How Intel Could Gain by Quitting Wearables

Is Intel (INTC) quitting wearables?

TechCrunch has said so. On Nov. 18, the tech website reported that the giant chipmaker is set to make big job cuts at its New Devices Group and may exit the wearable space altogether.

Intel denied that, saying in a statement that it "is in no way stepping back from the wearables business," though it was silent on the question of layoffs.

The company's history in wearables is short but turbulent. In 2014, it bought Basis Science, maker of the Peak fitness tracker, for a rumored $100 million. A year later, it snapped up Recon Instruments, which develops heads-up displays for athletes, for around $175 million.

These seem like smart moves, given the growth tear the wearable market's been on. According to recent data from Scalar Market Research, the market will be worth $71.2 billion in 2021, up 138% from 2016.

But the Peak couldn't make a dent in that market, and in August, Intel recalled the device -- and halted sales altogether -- after reports that it was overheating. It seemed like an overreaction, given that the problem only affected 0.2% of users.

A look at the daunting landscape the Peak was facing, however, puts its, er, flameout in a different light.

According to IT research firm IDC, wearable devices from Fitbit led the market in the second quarter, with a 25.4% share. Xiaomi was next with 14%, then Apple with 7.0%, although that figure is most likely higher now since it has released the Apple Watch 2.0 and slashed the prices on earlier models.

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Other players include Garmin, with a 6.9% market share. Keep an eye on Garmin, because its unit shipments grew about 100% year over year.

But Intel remains an attractive investment despite the setback. That's because it lumps wearables in the "All other" category when it reports earnings. And in the third quarter, "All other" accounted for just 0.3% of the company's top line.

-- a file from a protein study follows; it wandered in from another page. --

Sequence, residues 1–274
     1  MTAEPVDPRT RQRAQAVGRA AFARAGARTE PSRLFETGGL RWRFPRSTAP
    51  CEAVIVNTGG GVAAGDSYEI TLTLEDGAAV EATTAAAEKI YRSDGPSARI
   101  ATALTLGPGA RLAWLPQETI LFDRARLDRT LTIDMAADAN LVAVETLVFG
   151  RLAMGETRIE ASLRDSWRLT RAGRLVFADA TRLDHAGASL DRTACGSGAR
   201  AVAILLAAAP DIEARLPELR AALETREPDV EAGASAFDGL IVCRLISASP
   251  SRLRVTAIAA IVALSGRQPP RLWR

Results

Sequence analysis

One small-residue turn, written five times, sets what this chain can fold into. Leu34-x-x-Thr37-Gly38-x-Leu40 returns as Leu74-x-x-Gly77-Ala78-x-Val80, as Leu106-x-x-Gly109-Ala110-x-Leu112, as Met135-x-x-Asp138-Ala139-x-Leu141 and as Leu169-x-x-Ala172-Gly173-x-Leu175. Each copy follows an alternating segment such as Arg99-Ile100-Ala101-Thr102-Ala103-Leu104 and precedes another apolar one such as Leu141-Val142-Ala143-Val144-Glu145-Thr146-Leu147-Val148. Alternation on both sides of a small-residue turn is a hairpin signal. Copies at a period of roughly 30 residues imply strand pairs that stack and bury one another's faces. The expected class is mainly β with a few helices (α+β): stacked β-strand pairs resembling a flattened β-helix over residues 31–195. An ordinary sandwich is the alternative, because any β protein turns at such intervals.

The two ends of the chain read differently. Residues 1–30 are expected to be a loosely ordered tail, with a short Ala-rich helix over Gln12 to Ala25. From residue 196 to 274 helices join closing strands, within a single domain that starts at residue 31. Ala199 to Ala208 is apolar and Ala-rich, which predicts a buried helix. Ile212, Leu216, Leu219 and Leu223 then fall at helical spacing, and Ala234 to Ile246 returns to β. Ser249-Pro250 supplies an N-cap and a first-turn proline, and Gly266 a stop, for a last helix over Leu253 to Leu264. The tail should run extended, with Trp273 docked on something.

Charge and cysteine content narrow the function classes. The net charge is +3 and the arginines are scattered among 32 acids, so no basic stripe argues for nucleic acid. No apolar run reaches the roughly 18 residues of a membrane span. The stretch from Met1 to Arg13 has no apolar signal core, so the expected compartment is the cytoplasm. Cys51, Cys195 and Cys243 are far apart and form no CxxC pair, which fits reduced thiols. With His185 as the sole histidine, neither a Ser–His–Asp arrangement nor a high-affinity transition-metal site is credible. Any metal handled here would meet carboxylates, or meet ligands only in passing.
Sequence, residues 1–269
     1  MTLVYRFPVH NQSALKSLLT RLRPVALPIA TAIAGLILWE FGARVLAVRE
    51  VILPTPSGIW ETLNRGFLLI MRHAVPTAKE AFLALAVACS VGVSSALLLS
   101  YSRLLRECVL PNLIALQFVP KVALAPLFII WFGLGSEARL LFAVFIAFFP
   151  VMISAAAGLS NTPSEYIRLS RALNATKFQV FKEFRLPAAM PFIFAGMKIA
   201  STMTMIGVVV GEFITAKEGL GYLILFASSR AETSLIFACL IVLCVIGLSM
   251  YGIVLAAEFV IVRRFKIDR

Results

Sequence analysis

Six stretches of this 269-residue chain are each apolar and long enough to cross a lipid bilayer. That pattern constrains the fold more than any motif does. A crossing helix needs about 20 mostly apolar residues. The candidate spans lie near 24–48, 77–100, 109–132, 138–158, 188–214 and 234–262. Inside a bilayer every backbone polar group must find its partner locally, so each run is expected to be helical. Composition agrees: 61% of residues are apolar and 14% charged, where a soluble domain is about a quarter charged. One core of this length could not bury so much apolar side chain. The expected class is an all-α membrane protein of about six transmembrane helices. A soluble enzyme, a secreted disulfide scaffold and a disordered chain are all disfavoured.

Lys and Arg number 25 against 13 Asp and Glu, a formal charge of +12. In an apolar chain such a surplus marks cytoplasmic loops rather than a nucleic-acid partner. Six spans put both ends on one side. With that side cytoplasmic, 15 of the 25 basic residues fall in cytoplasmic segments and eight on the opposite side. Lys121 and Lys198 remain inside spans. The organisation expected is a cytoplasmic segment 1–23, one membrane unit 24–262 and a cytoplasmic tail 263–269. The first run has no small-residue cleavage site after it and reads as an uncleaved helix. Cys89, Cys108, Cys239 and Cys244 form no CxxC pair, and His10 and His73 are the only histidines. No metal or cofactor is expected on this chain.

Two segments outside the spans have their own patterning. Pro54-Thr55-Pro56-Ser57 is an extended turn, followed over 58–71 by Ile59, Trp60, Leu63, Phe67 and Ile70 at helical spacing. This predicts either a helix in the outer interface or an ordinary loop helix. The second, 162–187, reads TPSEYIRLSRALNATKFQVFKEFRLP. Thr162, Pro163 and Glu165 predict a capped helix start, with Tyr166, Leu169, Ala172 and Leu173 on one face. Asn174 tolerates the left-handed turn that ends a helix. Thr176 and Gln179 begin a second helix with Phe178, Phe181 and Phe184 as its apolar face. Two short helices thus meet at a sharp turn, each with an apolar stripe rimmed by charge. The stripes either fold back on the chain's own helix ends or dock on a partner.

So forget wearables. Intel will sink or swim based on the performance of divisions such as Client Computing, including its PC and mobile businesses (56% of third-quarter revenue), Data Center (28%) and Internet of Things (4%).

And sales at all three are ticking along nicely, with each notching strong gains during the quarter; Internet of Things led the way with 19% sales growth.

That paced Intel to an overall year-over-year revenue gain of 9.1%, to $15.78 billion. Adjusted earnings per share jumped 8.0%, to 80 cents. Those figures beat the consensus forecasts, which were for revenue of $15.58 billion and adjusted EPS of 73 cents.

The company forecast fourth-quarter revenue of $15.7 billion, however, which was just short of the consensus forecast of $15.86 billion and less than the margin by which Intel beat expectations this time around. The ensuing overreaction sent the stock down 6% the day after the report's release, and like many tech names, Intel has failed to take part in the "Trump bump." Since Election Day, the stock has risen only 1.4%, compared with a 3.4% gain for the S&P 500.

  

That leaves us with a stock trading at a price-to-earnings ratio of 13.2, based on estimated 2016 earnings. That's a big discount to its industry, which has a forward P/E of 32.8, and it's particularly attractive P/E given that the decline in the stock's price has driven Intel's dividend yield up to 3.0%. The company also has a strong record of payout growth, having hiked its quarterly dividend by 24% in the past five years.

So don't let Intel's wearable struggles put you off. They're a tempest in a teapot that won't slow this "old tech" firm's growth in the years ahead.

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This article is commentary by an independent contributor. At the time of publication, the author held no positions in the stocks mentioned.

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